This possible need for more editorial intervention also extends to analysis of another key term in the book: “marginality.” It is somewhat jarring for a book with “margins” in its title that several contributors challenge this very framing. Elena A. A. Garcea argues that “archaeology proves delineating ‘centers’ and ‘peripheries’ and ‘core’ and ‘marginal’ areas is ... useless” (p. 216, emphasis added); Scott MacEachern argues that “‘marginality’ ... seems ... wholly inadequate” (p. 205); and Walker argues that “to theorize the region [the southwest Amazon] at the margins of the state is ... only partly correct” (p. 102). All these contributors make the supported point that the idea of “marginality” is inherently state-centric: the regions that they study were not “margins” to those who lived in them, only those that viewed them from the outside.

Thus, one wonders how other chapters, whose authors went closer to the grain of the book’s framing, might have looked if they had taken a similarly critical approach. For example, Kyle A. Knabb (chapter 2) directly refers to “marginal communities” and Claire Novotny (chapter 8) refers to marginal as “a place situated at a distance from locales of centralized power” (pp. 41, 163). These kinds of framings are also in line with the opening statements of the book’s introductory chapter. However, such statements may fall into the trap of state-centricism that other contributors are trying to avoid. If this book is meant to center these overlooked communities, regularly located near societies traditionally conceived as “complex,” then does characterizing them as “marginal” not “marginalize” them once again? There are, therefore, conceptual contradictions here that the editors should have sought to iron out.

Given this uneven editorial line, it might not be surprising that the quality of the chapters is somewhat variable. I am not qualified to comment on each chapter’s contribution to its regional and temporal case study or on some of their specific methodologies. However, some chapters would still have benefited from further revisions. Several are referred to as “papers” rather than chapters, suggesting that they were not subject to rigorous updates between their initial presentation in 2014 and their publication in 2022 (chapters 1, 4, 6, 9). The result is that the structure of some chapters is unclear and that aims, goals, and arguments are regularly repeated rather than sustained. There is also reference to “ongoing” analysis of research materials gathered in fall 2014 (pp. 107-8). Surely this analysis has been done by now, meaning that the chapter should have been updated. Similarly, another chapter refers to 2019 as though it is the present, again leaving questions about potential updates from the last three years. This is not to state that the research underpinning each chapter is necessarily weak; it is just that more editorial care was needed to make them all current and impactful.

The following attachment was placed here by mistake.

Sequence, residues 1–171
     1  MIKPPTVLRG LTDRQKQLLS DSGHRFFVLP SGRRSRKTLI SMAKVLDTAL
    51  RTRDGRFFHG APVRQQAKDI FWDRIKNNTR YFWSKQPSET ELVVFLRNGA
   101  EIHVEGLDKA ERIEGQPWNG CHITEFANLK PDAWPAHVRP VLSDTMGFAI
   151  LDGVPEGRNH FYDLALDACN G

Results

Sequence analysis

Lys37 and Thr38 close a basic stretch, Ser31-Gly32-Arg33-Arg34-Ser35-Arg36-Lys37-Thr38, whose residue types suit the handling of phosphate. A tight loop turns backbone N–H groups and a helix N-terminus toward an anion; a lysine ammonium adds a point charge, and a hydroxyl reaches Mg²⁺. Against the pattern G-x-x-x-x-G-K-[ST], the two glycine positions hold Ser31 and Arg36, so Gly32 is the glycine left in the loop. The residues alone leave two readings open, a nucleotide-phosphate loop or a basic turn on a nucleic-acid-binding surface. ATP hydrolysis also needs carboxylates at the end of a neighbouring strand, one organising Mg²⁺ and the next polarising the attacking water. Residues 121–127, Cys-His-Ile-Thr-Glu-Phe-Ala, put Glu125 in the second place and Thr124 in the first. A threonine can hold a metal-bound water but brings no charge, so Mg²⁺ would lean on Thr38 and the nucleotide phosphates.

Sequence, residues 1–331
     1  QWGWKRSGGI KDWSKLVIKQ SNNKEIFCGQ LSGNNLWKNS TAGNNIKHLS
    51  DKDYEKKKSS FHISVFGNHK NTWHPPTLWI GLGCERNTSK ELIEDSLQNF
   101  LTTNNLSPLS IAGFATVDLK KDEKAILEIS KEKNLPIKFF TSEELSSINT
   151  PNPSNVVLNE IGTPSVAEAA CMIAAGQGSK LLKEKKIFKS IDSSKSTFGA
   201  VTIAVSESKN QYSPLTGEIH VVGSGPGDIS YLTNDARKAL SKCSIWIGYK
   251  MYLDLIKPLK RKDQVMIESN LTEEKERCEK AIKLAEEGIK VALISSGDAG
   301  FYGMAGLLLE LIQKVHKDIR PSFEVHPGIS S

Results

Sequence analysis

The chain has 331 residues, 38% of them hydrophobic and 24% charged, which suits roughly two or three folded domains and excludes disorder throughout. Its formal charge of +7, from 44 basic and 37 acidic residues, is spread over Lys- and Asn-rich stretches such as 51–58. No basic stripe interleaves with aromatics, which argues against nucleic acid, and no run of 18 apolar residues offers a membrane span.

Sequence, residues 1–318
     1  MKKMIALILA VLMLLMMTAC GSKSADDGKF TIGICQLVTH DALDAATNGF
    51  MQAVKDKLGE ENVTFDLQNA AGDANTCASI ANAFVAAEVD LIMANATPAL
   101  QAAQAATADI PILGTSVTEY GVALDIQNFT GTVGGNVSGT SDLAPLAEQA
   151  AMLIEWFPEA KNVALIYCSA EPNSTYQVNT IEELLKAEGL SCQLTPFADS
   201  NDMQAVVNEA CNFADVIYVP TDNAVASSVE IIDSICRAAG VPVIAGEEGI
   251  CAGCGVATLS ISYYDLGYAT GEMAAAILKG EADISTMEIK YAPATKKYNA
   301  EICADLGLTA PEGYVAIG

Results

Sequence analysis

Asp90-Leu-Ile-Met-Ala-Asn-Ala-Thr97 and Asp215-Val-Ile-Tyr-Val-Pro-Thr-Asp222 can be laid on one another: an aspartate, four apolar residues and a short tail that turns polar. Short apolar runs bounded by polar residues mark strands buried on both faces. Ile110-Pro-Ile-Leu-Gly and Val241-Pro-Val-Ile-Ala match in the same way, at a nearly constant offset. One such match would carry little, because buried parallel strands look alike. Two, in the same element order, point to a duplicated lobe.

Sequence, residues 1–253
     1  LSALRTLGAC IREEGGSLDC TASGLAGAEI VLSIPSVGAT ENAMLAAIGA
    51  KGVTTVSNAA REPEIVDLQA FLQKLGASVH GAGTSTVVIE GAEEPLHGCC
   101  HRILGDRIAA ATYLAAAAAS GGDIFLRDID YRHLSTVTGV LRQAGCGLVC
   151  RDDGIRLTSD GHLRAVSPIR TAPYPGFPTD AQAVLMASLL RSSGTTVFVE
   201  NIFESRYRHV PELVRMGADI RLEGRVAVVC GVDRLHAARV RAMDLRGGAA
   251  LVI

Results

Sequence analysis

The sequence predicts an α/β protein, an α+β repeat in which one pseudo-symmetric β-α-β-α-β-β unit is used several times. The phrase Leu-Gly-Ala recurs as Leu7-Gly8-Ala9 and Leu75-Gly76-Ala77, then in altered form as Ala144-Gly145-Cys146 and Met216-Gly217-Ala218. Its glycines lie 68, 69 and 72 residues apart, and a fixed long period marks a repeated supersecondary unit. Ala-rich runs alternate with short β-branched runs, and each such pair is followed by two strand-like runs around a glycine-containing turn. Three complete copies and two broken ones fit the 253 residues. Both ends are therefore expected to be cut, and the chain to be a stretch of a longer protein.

Finally, for a volume that focuses on “landscapes,” there is surprisingly little about the environment in some chapters. Chapters 2 and 3, respectively by Knabb and Alicia M. Boswell, are the most successful at integrating environmental factors, examining how they shape our understandings of the regions under review and of their wider spatial and political contexts. But most other contributors do not take up their editors’ mantle (Novotny’s fascinating analysis of indigenous understandings of their environments is one notable exception). Instead, environmental issues are sidelined by the other themes that are central to the book, especially “social complexity” and “marginality.” Again, a tighter editorial line, or perhaps even dropping one or more of these highly complex themes, would have led to a more coherent volume.

Citation: Philip Gooding. Review of Boswell, Alicia M.; Knabb, Kyle A., eds., Life at the Margins of the State: Comparative Landscapes from the Old and New Worlds. H-Environment, H-Net Reviews. January, 2023. URL: